I’ve decided that most doctors are inherently illogical beings when it comes to diet.


 My basketball tummy, taken against a black background. Quintuplets maybe? 

And then one day, I noticed that my stomach wasn’t going all alien on me. Then there was another day, and another, and suddenly the norm was a flat stomach. 

Thing is, I never set out to heal leaky gut.

Because by that point, I had decided to focus on the now. To let go of the reigns, to stop second guessing myself, to give myself a little space to be, to heal, to live life. L-glutamine, bone broth, nasty ass bovine collagen oatmeal – all kicked to the curb.


I’m not holding it in I promise! What my stomach now looks like 99.9% of the time. 

A high nutrient, histamine-balanced quercetin, luteolin and rutin diet, quercetin supplement, positivity and meditation all came together joyously (with a little whittling down of the very high oxalate foods) to give me, while certainly not a washboard stomach, sadly being “pregnant” or “with basketball” since the age of five has taken its toll on my stomach muscles and skin tone, it’s still freaking awesome.

You better believe that I give thanks to the universe, my dietary philosophy, the years of research and faith I finally put in my being the best judge of what will heal me, krishna, the almighty, you name it, I’ll kiss its feet, for my finally not having to plan my wardrobe, social and sex life around the inflated tyrant that ruled much of my life.

Yes stomach, there’s no better way to put it, you’re now my b*%&@!

Now, you better believe I’m getting back to my sit ups and quercetin rich juicies (more on that in the Anti-Detox and Anti-Cookbooks)


You’ll find a collection of all liquid high nutrient antihistamine and anti-inflammatory rich recipes for days when my histamine bucket overflowed in the new Anti-Detox book

The Anti-cookbook, while it doesn’t treat any conditions, due to its high nutrient, antihistamine and anti-inflammatory ingredients, has been instrumental in helping me feed myself on a limited diet. It features a six page list of antihistamine and anti-inflammatory foods. It comes in regular and Paleo.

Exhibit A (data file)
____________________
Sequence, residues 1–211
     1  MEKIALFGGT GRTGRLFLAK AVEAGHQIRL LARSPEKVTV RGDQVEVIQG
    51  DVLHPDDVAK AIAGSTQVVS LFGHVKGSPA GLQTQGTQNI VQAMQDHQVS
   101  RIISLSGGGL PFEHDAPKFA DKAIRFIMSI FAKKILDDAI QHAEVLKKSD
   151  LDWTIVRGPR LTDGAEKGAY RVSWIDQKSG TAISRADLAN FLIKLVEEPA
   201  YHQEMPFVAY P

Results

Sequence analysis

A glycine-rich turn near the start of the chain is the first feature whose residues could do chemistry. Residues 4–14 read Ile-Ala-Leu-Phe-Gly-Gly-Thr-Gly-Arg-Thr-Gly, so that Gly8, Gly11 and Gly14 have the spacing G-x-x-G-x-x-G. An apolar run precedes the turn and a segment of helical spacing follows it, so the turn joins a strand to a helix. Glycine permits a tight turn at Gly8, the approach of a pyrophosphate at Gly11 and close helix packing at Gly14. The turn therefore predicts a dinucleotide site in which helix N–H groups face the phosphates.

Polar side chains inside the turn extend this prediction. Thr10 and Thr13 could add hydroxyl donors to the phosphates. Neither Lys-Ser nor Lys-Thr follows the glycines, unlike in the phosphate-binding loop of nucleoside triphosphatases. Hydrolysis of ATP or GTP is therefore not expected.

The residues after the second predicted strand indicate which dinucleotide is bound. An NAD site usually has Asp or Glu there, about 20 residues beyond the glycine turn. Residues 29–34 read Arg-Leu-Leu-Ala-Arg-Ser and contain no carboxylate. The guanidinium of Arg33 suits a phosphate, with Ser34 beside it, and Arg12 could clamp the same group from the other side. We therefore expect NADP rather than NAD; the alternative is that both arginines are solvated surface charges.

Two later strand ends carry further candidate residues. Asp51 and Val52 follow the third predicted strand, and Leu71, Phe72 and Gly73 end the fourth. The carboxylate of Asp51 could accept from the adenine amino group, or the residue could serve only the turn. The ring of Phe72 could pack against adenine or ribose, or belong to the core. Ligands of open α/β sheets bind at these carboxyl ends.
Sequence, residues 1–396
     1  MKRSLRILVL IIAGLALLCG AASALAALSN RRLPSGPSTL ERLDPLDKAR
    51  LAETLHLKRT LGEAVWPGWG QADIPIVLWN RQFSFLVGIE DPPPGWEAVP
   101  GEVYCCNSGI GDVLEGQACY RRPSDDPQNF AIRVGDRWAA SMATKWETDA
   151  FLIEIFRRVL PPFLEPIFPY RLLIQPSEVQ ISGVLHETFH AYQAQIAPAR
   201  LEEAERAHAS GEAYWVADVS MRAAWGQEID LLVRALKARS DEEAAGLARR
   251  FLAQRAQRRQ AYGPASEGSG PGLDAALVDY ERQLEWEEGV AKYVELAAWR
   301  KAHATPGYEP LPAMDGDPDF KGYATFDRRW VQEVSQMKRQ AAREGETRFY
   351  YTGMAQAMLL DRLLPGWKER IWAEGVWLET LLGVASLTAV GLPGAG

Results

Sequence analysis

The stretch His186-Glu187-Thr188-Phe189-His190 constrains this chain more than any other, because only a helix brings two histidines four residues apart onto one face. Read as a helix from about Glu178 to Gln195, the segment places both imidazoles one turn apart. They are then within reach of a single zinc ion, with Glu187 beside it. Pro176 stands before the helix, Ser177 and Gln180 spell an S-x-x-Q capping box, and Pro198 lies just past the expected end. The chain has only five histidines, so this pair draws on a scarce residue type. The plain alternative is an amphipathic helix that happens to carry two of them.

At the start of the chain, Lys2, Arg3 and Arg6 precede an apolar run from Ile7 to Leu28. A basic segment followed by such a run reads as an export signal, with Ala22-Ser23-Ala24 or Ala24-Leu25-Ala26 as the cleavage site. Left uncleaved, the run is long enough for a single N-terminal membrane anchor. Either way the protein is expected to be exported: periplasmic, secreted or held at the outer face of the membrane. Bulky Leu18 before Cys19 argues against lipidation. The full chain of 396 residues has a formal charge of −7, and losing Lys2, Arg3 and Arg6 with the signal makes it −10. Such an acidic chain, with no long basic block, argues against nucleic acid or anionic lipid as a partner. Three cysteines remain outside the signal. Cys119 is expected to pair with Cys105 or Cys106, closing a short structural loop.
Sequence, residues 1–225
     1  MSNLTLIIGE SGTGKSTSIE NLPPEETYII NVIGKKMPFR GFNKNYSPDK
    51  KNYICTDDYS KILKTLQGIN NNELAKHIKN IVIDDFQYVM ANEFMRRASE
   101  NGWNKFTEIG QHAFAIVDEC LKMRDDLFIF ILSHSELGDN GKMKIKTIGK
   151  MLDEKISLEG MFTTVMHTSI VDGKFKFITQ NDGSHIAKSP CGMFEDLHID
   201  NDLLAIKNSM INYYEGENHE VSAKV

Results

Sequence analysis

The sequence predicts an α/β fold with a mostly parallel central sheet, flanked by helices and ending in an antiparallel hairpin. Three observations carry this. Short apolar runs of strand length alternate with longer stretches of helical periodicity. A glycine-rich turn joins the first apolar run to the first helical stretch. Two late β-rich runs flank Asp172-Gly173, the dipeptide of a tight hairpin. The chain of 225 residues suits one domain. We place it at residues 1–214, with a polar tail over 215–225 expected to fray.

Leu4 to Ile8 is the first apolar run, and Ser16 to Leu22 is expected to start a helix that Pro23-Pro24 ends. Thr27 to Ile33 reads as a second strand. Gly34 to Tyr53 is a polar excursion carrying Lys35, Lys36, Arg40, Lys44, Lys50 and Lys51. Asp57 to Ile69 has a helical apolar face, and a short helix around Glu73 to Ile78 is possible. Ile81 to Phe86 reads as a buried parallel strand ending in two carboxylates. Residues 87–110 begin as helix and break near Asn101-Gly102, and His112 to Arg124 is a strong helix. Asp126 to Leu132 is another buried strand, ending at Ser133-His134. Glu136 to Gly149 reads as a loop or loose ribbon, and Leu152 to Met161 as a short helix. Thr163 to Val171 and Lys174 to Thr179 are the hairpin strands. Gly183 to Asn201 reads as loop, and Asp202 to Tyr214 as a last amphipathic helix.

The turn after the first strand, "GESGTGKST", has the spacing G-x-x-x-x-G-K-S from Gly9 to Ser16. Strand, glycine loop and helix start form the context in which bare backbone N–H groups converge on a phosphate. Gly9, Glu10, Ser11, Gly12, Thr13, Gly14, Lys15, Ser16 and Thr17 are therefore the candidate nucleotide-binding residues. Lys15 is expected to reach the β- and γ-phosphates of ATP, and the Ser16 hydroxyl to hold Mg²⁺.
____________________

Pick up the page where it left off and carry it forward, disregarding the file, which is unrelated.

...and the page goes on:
The Low Oxalate Cookbook features antihistamine and anti-inflammatory rich recipes. 

Don’t miss the Low Histamine Beauty Survival Guide for non-toxic beauty tips, the skinny on histamine releasing (mast cell degranulating) beauty ingredients, antihistamine and anti-inflammatory beauty alternatives and the top brands natural brands I’ve found.

Take a peek at my other low histamine and antihistamine cookbooks for more high nutrient recipes.

If you’ve found this information useful I’d appreciate your support (at no extra cost to you!) – please check out my online store for your health foods, supplements, kitchen items and beauty product purchases. Affiliate sales through my online store go towards maintaining the website, funding travel to interviews and purchasing all the lovely foods for my free online recipes. You’ll find these items in the “Shop with us” drop down menu on my homepage.  

Please don’t forget antihistamine, pain killing foods can still hurt us, so please always check with your doctor before adding new foods to your diet. 



[1] http://www.mindbodygreen.com/0-10908/9-signs-you-have-a-leaky-gut.html


How to Cure Irritable Bowel Syndrome in a Few Days


[4] http://jem.rupress.org/content/205/4/897.long

[5] http://drbradstreet.org/2011/03/08/dual-role-of-quercitin-as-antidepressant-and-antioxidant-a-double-edged-sword/

[6] http://link.springer.com/article/10.1007%2Fs10620-013-2721-y


2 Responses to Leaky gut: the mast cell (histamine), Crohn’s disease connection

  1. Yes! Finally something about Stress.